|Publisher:||On Deck Interactive|
|Genres:||Adventure / Point and Click|
|Release Date:||January 22, 2001|
|Game Modes:||Singleplayer / Multiplayer|
In The Ward you play David Walker, a U.S. astronaut who is having a very bad day on the moon. After an unknown force demolishes both his lander unit and the orbiter, our hero is stranded without any hope of survival. This rather fragile state of affairs decays further when he’s abducted by very hostile aliens.
To save the earth and get back home, David has to work his way through a tangled web of alien intrigue, while figuring out mysterious extraterrestrial technology and interacting with surly comrades. Without a doubt, The Ward is point-and-click adventuring at its most traditional. While some of the brain-stumpers can be puzzlingly abstract at first, the game slowly dishes out subtle hints to reduce frustration. Experienced adventure fans will be more inclined to play on Normal mode where they don’t get these helpful gameplay nudges.
The Ward’s sci fi presentation is retro. Even though the graphics are hi-res, the washed-out character sprites look awful, and the majority of the alien environments have that shiny, spotless sheen of rendered artificiality. The cut-scenes are real groaners as well, rife with terrible voice acting and totally unconvincing animation. At first I wanted to slag the game for omitting any in-game voice acting — but to be honest, if the cut-scene voice quality is any indication, it’s a blessing in disguise.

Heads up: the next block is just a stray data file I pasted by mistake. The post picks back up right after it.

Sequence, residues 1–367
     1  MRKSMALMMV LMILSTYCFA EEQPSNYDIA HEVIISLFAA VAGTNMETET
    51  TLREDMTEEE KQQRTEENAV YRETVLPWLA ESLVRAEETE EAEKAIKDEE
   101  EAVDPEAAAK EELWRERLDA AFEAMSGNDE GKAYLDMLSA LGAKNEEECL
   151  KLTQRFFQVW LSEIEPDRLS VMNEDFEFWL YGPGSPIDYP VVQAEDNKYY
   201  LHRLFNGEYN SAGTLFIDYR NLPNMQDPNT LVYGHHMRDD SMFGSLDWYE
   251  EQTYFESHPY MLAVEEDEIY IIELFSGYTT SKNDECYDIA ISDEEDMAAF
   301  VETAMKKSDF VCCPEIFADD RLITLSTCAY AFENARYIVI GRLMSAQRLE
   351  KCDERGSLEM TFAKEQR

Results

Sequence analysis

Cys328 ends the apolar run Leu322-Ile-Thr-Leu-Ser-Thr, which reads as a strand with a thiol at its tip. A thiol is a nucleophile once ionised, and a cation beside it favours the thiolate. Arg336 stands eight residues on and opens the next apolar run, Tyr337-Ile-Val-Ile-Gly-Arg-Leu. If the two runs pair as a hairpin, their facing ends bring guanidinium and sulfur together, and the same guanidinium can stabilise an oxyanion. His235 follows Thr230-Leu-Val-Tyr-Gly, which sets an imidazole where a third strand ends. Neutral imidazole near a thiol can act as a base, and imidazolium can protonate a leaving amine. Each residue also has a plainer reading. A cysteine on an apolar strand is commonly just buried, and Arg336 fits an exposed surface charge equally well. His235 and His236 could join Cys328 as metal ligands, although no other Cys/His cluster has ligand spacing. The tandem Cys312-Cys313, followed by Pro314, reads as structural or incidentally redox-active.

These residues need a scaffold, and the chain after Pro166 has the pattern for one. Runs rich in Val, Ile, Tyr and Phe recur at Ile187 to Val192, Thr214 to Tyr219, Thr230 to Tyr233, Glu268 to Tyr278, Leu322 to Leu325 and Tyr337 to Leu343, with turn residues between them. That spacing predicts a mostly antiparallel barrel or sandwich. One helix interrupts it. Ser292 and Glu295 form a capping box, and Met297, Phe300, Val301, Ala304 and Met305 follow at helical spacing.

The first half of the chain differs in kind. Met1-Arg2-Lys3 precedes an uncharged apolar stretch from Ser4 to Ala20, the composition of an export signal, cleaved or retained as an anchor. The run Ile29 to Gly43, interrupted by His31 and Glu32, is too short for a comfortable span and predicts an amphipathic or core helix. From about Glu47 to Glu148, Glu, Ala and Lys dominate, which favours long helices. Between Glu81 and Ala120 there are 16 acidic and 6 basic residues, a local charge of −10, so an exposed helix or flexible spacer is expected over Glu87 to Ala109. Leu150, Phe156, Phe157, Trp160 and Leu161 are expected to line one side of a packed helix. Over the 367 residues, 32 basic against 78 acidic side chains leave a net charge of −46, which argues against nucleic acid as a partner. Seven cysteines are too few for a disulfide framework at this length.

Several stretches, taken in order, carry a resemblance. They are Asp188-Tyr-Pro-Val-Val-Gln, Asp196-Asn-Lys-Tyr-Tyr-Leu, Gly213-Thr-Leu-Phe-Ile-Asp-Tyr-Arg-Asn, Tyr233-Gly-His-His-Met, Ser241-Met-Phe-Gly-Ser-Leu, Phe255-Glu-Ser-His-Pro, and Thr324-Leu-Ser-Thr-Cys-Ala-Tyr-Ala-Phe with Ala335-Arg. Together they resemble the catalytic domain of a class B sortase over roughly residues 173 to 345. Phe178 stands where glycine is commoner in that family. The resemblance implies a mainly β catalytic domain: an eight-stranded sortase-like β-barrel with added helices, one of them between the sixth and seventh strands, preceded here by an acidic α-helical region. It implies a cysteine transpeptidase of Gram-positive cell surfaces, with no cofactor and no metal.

Another problem stems from how the game’s crucial items blend into the backgrounds, resulting in the typical mouse-sweeping pixel hunt. While clicking on one alien console may not do anything, another identical console in a different room may be the key to your progress. If something doesn’t seem to work, you might want to try it again — in one sequence, you have to remove a panel with a screwdriver, and you have to click on it a half-dozen times before it actually moves. There are other questionable design decisions, such as a few timed sequences and a crappy inventory panel.
But the biggest issue is how all of the characters have the combined personality of a cinder block, thanks to a half-baked translation job from the game’s original Croatian. With story being the most important facet of adventure gaming, this is less than ideal. With lines like “Security drone suddenly appeared in ventilation shaft” The Ward won’t exactly rank as a classic and tense point and click adventure.
System Requirements: Pentium II 233 MHz, 32 MB RAM, Win95
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